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vanquish

[vang-kwish, van-] /ˈvæŋ kwɪʃ, ˈvæn-/
verb (used with object)
1.
to conquer or subdue by superior force, as in battle.
2.
to defeat in any contest or conflict; be victorious over:
to vanquish one's opponent in an argument.
3.
to overcome or overpower:
He vanquished all his fears.
Origin of vanquish
1300-1350
1300-50; Middle English vencuschen, venquisshen < Old French vencus past participle and venquis past tense of veintre < Latin vincere to overcome
Related forms
vanquishable, adjective
vanquisher, noun
vanquishment, noun
unvanquishable, adjective
unvanquished, adjective
unvanquishing, adjective
Synonyms
1. subjugate, suppress, crush, quell.
Dictionary.com Unabridged
Based on the Random House Dictionary, © Random House, Inc. 2015.
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Examples from the Web for vanquish
Contemporary Examples
Historical Examples
  • I guessed, however, by his irregular and intercepted breathing, that he struggled to vanquish an excess of violent emotion.

    Emily Bront A. Mary F. (Agnes Mary Frances) Robinson
  • There is not another instrument can be discovered, to disarm and vanquish the human mind.

    Imogen William Godwin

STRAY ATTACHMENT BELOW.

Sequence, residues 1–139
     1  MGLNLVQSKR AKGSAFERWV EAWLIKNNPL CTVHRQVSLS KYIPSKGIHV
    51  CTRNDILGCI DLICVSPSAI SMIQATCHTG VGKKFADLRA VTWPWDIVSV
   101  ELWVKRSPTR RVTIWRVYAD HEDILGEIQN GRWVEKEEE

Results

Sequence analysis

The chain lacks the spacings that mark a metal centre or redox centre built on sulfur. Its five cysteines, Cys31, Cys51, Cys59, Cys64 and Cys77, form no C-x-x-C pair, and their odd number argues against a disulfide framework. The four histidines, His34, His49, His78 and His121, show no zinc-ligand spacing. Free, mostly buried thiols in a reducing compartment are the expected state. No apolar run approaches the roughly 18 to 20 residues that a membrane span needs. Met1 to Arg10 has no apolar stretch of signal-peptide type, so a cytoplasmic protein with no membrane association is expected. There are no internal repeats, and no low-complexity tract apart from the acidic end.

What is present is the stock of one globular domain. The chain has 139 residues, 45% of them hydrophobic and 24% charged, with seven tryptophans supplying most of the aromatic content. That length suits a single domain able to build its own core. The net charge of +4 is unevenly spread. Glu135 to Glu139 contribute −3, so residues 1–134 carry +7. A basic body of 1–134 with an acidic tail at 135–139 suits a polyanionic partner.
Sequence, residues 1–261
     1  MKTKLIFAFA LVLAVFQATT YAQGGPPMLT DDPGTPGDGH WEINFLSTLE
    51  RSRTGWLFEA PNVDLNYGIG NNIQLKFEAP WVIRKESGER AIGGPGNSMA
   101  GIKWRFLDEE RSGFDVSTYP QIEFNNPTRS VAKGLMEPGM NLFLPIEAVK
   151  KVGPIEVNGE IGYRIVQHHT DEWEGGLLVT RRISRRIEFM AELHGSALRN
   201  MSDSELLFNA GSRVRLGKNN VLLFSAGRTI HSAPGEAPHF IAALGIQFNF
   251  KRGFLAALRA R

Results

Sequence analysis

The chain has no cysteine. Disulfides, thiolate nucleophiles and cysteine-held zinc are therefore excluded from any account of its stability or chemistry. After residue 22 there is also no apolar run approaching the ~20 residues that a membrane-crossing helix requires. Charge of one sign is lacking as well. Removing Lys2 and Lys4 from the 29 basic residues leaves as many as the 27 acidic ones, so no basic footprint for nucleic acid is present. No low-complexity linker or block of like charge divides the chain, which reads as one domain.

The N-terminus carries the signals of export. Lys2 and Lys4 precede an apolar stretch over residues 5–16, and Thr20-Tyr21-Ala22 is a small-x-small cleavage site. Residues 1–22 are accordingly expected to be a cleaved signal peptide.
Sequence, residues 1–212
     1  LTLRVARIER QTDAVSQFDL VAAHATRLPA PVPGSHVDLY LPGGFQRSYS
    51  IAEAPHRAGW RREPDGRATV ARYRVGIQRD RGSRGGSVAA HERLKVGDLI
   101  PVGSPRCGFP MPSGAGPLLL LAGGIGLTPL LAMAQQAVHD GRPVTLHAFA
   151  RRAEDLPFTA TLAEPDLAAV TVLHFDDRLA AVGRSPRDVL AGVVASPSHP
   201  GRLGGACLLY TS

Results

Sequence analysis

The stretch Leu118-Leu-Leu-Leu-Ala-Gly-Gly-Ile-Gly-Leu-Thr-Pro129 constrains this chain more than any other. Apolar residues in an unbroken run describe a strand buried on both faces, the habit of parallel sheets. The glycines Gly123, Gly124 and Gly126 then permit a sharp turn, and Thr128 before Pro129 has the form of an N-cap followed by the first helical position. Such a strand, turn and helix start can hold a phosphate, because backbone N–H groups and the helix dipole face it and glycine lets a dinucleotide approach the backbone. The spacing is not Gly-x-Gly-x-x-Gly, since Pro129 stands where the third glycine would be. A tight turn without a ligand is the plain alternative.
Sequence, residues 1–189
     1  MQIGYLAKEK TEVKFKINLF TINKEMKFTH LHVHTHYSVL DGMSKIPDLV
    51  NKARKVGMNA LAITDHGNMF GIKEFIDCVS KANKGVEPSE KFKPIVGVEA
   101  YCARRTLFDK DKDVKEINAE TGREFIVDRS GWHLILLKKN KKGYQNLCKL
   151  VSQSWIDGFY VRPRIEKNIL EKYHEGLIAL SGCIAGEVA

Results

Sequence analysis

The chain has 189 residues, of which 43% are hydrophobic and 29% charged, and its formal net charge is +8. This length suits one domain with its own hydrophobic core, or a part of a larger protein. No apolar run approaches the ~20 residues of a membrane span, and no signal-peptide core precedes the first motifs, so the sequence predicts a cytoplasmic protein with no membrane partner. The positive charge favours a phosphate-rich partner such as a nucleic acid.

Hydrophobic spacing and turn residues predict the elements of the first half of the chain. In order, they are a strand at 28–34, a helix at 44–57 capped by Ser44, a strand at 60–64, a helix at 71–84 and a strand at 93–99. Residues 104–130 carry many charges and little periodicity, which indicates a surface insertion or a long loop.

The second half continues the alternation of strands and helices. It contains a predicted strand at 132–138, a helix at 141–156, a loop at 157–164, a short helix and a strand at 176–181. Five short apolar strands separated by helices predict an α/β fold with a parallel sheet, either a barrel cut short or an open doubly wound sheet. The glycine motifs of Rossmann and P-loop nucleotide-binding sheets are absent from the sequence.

• I cannot, nor do I desire to, vanquish the friendly obligation which help from you imposes on me.

  • The Church was peace—peace from the noise of life, and strength to fight and to vanquish.

    The Christian Hall Caine
  • Long ago, when I was a child, I set out to vanquish the world.

    "Persons Unknown" Virginia Tracy
British Dictionary definitions for vanquish

vanquish

/ˈvæŋkwɪʃ/
verb (transitive)
1.
to defeat or overcome in a battle, contest, etc; conquer
2.
to defeat or overcome in argument or debate
3.
to conquer (an emotion)
Derived Forms
vanquishable, adjective
vanquisher, noun
vanquishment, noun
Word Origin
C14: vanquisshen, from Old French venquis vanquished, from veintre to overcome, from Latin vincere
Collins English Dictionary - Complete & Unabridged 2012 Digital Edition
© William Collins Sons & Co. Ltd. 1979, 1986 © HarperCollins
Publishers 1998, 2000, 2003, 2005, 2006, 2007, 2009, 2012
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Word Origin and History for vanquish
v.

early 14c., from Old French venquis (past tense), and vencus (p.p.), from veintre "defeat," from Latin vincere "defeat" (see victor). Influenced in Middle English by Middle French vainquiss-, present stem of vainquir "conquer," from Old French vainkir, alteration of veintre. Related: Vanquished; vanquishing.

Online Etymology Dictionary, © 2010 Douglas Harper
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